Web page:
31 May 2019 | TheLittleSongbird
Have said before that Tennessee Williams is one of the all-time great playwrights. Consider 'Cat on a Hot Tin Roof' his masterpiece, though there may be some slight bias as it was the play of his that introduced me to him when studying it at school. Not only is the dialogue amazing, but have always found myself fascinated and riveted by the characters, their relationships and how they interact with each other, which is one of the primary reasons as to why Williams was such a great writer.
Although the 1958 film version was toned down and suppressed or took out some of what makes 'Cat on a Hot Tin Roof' so bold and ahead of its time in themes and characterisation, for from my understanding censorship reasons. Yet somehow it still worked as a film, actually think it great on its own terms (have always tried to judge an adaptation in that way for fairness) and sizzled still on screen, thanks to the great performances (especially Burl Ives) and Williams' scorching writing. In many respects, this 2018 production is an improvement, with what was left out or toned down in the film intact and with impact that hardly fizzles, the opposite.
Will admit though to not always finding the look of the production to my tastes. Found it a bit drab and sometimes cluttered, with some of the symbolism (especially how Brick's alcoholism is emphasised) being overdone. Did question too the updating, when the setting and time period for the play always struck me as specific. If anybody disagrees that's fine.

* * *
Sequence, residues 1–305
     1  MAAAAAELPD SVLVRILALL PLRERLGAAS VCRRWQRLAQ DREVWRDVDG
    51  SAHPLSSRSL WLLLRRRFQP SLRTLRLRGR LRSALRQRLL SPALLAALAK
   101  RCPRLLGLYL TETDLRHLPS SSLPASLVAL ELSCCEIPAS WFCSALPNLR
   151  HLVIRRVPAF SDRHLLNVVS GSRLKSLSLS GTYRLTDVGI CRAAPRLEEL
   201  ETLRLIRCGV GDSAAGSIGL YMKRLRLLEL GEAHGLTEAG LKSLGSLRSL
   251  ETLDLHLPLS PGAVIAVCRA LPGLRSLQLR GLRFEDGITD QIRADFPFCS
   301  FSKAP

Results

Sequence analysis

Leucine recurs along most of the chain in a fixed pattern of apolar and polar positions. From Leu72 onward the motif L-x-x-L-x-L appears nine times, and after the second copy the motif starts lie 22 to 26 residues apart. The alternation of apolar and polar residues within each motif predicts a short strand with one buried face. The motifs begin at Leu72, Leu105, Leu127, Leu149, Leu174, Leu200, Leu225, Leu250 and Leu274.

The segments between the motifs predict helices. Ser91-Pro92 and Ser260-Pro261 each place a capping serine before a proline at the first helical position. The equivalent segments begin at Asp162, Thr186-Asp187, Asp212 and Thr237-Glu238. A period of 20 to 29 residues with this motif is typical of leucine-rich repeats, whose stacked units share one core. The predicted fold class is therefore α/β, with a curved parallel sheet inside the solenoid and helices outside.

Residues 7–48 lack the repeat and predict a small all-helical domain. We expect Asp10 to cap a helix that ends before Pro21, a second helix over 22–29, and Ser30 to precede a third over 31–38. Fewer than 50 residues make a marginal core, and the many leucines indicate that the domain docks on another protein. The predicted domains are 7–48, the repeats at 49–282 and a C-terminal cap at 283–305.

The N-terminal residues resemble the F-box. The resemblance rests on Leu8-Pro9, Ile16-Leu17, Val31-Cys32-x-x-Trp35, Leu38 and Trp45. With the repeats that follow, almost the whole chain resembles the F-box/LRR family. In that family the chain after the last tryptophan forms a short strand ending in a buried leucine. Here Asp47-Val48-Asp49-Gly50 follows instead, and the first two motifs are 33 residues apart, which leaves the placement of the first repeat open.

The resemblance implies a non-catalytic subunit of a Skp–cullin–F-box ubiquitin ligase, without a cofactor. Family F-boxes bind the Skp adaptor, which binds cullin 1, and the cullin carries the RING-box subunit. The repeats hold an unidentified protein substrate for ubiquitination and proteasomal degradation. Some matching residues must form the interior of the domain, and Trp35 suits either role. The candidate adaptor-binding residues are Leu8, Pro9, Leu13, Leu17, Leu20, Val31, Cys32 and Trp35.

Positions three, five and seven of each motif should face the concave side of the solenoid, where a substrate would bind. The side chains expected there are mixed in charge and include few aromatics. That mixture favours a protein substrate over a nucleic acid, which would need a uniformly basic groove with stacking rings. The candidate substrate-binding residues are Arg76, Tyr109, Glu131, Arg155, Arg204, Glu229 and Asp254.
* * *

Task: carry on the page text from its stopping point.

Sienna Miller occasionally overdoes it in the delivery of her lines at first.
Much of the time though, she nails the sensuality and cattiness while also epitomising glamorous allure. She blisters in her chemistry with Jack O'Connell's intense and deeply felt Brick. Lisa Palfrey is a mix of boisterous and sympathetic as Big Mamma, moving in the latter stages of the production. Colm Meaney is effectively larger than life as Big Daddy but has sensitive moments like the unforgettable big scene between him and O'Connell. The rest of the cast are strong in a great ensemble that the production is particularly worth watching for.
Despite what was said about the visual side of the production, 'Cat on a Hot Tin Roof' has always been about the characters, their relationships and dilemmas and interaction, all very complex and powerful. The production is spot on in all of this and does so far more effectively than the film, much more complexity, more nuance and more emotional power. Not to mention it's much more faithful and retains what was missing before as said. The chemistry between the cast is so natural, dynamite at its best (like between Brick and Big Daddy), and despite the play and production being long the drama never came over as dull, the tight direction is to thank for that. The characters here feel so rich and real, not underdeveloped caricatures. And nobody can fault Williams' writing either.
In conclusion, very good with lots of fantastic things. 8/10